How to Avoid Paying Spousal Support in Minnesota?
Spousal maintenance, commonly known as alimony, is often awarded in Minnesota divorces. If you are a higher-earning spouse going through a divorce, you may be worried about having to pay your ex substantial amounts of monthly support for years to come.
While Minnesota courts determine alimony on a case-by-case basis, there are strategies you can use to avoid paying spousal support or at least limit the amount and duration of payments.
What is Alimony, and Who Has to Pay It?
Also called “spousal support” or “spousal maintenance,” alimony is financial support paid by one spouse to the other after a divorce. The purpose of alimony is to help the lower-earning spouse maintain their living standard during marriage.
Typically, the higher-earning spouse is required to pay alimony to the lower-earner. However, in some cases, the low earner may pay alimony, for example, if they come into a large inheritance after divorce.
Alimony length depends on factors like the marriage length. It may be paid permanently, for several years, or temporarily to help the ex-spouse get back on their feet.
Why Might Alimony Be Awarded in Your Divorce?
There are a few common scenarios where Minnesota courts tend to award spousal maintenance:
- Long-term marriage – Alimony is more likely after a long marriage where one spouse depends on the other’s earnings.
- One spouse gave up career – If your spouse sacrificed their career advancement for the marriage, like caring for children full-time.
- Paying spouse has greater earnings – Large income disparity between the spouses increases chances of alimony.
- Recipient spouse has little income – If your spouse will struggle financially without support.
- Recipient has health issues – Alimony is more likely if your spouse has medical issues preventing full employment.
- Standard of living discrepancy – If your spouse cannot maintain the marital standard of living on their own.
Being ordered to pay substantial alimony after divorce can derail financial plans and goals. However, there are proactive steps you can take to avoid or limit support obligations, especially with guidance from a knowledgeable family law attorney.
With proper legal planning and assertive negotiation of divorce terms, paying alimony may not be mandatory. Protect your financial future by focusing on alimony avoidance strategies from the start of divorce proceedings.
Can You Avoid Paying Spousal Support in MN?
There are a few circumstances where you may be able to avoid paying spousal support altogether:
- You and your spouse agree alimony isn’t necessary: If you and your spouse can reach a mutual agreement through mediation or negotiation that waives alimony, the court will likely approve it.
- Your spouse can be self-supporting: If your spouse is employed, healthy, and able to meet their own needs, the court may determine alimony isn’t necessary.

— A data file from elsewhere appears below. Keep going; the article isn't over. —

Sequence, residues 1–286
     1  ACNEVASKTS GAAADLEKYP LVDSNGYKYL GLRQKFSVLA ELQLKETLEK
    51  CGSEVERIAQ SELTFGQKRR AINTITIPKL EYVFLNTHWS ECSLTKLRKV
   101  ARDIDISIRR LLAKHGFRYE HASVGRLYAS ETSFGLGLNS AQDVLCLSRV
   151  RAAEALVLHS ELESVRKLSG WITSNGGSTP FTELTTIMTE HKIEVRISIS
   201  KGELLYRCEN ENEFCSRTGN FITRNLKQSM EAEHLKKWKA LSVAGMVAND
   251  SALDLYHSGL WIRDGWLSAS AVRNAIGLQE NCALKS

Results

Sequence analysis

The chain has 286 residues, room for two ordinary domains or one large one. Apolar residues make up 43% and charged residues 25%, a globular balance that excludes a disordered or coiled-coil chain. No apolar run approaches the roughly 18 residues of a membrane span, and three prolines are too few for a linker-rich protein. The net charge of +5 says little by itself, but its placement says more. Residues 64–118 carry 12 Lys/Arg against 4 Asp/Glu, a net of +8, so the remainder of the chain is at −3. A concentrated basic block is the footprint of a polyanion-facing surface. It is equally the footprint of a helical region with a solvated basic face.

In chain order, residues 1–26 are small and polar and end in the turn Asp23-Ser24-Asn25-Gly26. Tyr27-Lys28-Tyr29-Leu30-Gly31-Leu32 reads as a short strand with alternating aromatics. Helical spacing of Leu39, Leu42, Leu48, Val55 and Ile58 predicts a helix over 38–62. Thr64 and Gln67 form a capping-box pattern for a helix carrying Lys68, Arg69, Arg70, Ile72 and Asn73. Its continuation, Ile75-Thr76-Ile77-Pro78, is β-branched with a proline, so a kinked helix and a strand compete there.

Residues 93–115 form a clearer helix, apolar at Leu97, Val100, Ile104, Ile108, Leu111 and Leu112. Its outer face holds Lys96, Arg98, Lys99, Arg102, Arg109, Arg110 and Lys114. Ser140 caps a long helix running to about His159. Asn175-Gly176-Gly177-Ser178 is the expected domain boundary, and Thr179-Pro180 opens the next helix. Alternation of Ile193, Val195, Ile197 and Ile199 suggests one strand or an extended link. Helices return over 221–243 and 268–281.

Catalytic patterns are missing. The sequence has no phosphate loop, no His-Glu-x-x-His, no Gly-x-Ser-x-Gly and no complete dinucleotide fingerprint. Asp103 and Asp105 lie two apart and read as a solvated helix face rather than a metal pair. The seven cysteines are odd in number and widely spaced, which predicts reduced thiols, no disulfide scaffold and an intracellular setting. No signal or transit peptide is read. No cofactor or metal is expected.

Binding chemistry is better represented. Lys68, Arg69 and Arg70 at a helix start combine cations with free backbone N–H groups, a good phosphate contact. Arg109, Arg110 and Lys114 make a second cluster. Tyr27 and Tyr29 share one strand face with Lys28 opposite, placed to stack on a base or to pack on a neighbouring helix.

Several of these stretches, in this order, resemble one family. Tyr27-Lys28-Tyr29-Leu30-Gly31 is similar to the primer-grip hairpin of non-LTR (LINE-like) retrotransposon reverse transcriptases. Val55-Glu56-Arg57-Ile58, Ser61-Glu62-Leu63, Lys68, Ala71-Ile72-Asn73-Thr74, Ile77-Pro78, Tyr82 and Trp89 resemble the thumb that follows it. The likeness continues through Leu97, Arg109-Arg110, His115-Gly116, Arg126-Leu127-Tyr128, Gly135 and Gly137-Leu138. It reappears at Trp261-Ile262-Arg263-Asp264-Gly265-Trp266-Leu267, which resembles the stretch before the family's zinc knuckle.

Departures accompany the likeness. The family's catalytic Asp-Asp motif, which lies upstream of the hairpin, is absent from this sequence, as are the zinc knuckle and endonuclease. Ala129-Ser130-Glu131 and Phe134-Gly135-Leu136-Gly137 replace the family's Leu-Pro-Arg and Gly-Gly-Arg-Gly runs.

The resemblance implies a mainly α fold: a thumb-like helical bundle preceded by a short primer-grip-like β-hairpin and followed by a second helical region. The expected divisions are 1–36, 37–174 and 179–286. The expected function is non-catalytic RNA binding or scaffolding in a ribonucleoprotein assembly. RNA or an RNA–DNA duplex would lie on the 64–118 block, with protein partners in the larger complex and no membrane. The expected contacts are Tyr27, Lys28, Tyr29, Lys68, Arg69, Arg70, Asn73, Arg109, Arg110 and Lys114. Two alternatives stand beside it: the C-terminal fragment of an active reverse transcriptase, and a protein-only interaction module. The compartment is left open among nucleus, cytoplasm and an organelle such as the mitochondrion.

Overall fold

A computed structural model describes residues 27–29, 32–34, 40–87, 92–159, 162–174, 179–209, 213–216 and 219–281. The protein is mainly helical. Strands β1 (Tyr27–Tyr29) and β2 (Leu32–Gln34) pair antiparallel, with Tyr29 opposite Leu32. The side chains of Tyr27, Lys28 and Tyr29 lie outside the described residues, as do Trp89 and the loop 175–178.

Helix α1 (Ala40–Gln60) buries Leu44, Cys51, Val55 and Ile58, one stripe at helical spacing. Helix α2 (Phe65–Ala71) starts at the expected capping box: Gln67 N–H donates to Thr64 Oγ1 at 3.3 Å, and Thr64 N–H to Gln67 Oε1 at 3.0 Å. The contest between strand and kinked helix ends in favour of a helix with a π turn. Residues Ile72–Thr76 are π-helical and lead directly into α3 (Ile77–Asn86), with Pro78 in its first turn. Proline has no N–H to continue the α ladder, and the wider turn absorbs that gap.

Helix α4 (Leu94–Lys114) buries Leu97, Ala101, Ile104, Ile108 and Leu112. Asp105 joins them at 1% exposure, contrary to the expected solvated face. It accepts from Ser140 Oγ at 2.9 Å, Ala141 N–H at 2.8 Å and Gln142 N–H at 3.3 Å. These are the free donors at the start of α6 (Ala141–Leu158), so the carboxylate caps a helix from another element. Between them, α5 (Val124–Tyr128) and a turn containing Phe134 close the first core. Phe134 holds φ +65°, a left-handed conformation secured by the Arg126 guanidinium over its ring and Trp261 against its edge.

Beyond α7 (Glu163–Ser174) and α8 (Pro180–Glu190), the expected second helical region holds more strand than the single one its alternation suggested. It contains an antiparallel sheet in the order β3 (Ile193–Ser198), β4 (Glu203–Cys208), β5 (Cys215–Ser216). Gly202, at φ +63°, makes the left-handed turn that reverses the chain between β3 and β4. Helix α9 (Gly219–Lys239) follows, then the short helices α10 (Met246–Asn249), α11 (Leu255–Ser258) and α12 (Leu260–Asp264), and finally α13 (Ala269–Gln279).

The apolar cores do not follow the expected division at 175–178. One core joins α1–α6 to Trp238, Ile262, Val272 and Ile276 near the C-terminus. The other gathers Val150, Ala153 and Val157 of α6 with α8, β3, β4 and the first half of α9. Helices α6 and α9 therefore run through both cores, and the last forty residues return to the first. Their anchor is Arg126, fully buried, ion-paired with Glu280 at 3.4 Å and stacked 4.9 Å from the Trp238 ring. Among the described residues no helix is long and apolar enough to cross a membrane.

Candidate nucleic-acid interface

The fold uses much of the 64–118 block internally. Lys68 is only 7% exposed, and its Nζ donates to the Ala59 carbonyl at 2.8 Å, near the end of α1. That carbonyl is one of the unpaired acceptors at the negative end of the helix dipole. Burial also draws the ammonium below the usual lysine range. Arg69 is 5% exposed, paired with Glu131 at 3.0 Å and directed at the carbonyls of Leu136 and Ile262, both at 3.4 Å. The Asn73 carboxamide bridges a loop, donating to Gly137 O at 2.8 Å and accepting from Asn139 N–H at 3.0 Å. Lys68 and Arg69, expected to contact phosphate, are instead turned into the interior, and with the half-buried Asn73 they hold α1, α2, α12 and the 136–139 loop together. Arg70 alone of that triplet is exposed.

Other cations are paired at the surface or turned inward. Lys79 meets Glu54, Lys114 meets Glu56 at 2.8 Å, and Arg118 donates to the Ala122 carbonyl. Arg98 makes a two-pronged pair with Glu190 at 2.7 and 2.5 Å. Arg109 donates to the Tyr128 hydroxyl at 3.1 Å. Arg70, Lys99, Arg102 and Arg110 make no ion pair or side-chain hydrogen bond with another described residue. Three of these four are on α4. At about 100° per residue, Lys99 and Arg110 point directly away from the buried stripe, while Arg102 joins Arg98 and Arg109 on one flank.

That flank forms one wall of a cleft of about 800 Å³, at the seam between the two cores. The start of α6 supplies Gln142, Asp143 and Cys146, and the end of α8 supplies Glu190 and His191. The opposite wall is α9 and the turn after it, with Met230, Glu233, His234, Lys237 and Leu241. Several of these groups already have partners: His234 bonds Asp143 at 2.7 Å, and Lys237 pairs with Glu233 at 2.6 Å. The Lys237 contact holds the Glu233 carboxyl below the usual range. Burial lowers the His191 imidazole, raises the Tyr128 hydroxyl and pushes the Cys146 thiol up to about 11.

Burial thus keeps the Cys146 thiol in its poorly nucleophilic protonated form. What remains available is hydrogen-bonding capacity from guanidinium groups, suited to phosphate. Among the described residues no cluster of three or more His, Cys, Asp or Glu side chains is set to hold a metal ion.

- You have a short-term marriage: Maintenance awards are typically for a shorter duration in marriages that last less than 10 years. The court may not order spousal support if it was a brief marriage.
While avoiding alimony completely is difficult, it is possible to reduce the amount and duration if you take proactive steps.
7 Tactics To Avoid Paying Alimony
If you want to get out of paying spousal support or lower your obligation, here are some of the most effective tactics to consider:
1. Seek a Prenuptial or Postnuptial Agreement
A prenuptial agreement signed before marriage or a postnuptial agreement signed during marriage can include a spousal support waiver. This legally binds you and your spouse to terms agreed upon in advance. However, the court won’t uphold any agreement deemed unfair.
2. Negotiate a Lump Sum Payment
Offering your spouse a lump sum payout upfront may satisfy their need for support. This single payment could allow you to avoid ongoing monthly alimony payments.
3. Encourage Your Spouse to Work
If your spouse makes efforts to obtain employment and become self-sufficient, the court may award less alimony. Any income they earn will likely reduce your support obligation.
4. Seek Rehabilitative Alimony
Rehabilitative spousal maintenance is short-term and designed to meet the recipient’s needs long enough for them to get education or training to re-enter the workforce. This type of alimony typically lasts no longer than five years.
5. Gather Evidence of Financial History
Thoroughly document both parties’ incomes from employment, investments, benefits, gifts, and other sources. Concrete evidence will help determine appropriate support.
6. Argue Against Permanent Alimony
Permanent spousal maintenance is rarely awarded in Minnesota. With evidence of employability and limited marriage duration, you may convince the court that short-term support is sufficient.
7. Petition to Modify or Terminate Alimony
You can return to court to request an alimony modification or termination if your financial circumstances or spouse’s change significantly.
Work With an Experienced Minnesota Family Law Attorney
Working with an experienced Minnesota family law attorney from the start is the best way to avoid paying excessive spousal support. An attorney can assess your situation and develop a personalized strategy to limit alimony. They can also represent you in negotiations and court to argue against inappropriate maintenance awards.
At Martine Law, our seasoned Minneapolis divorce attorneys have extensive experience with spousal maintenance cases. We take an aggressive approach to protecting our client’s rights and finances in all family law matters.
Contact our office today to schedule a consultation if you seek to avoid or minimize alimony obligations. Our team will review your case specifics and provide guidance tailored to your goals. You can achieve the best possible outcome in your divorce with skilled legal representation.